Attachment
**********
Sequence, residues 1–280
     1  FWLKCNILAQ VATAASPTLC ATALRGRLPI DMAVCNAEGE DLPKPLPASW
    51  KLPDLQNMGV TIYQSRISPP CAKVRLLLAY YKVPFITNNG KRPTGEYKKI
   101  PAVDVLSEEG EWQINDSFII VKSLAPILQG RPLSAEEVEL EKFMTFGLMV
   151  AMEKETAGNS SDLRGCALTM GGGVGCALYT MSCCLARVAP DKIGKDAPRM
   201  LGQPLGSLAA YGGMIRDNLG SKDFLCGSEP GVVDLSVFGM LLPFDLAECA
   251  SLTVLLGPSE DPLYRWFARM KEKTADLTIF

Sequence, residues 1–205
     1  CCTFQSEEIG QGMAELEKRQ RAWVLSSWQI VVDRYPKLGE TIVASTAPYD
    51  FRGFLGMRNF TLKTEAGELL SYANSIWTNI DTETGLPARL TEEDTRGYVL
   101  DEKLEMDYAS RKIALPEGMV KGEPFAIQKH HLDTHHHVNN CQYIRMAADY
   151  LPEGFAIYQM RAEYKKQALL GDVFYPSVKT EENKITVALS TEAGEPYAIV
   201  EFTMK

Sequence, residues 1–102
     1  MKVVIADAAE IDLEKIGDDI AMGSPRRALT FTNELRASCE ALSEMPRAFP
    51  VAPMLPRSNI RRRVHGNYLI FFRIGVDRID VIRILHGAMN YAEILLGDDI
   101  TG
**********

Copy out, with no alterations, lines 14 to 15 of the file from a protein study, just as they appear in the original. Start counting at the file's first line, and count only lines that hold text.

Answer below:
Sequence, residues 1–102
     1  MKVVIADAAE IDLEKIGDDI AMGSPRRALT FTNELRASCE ALSEMPRAFP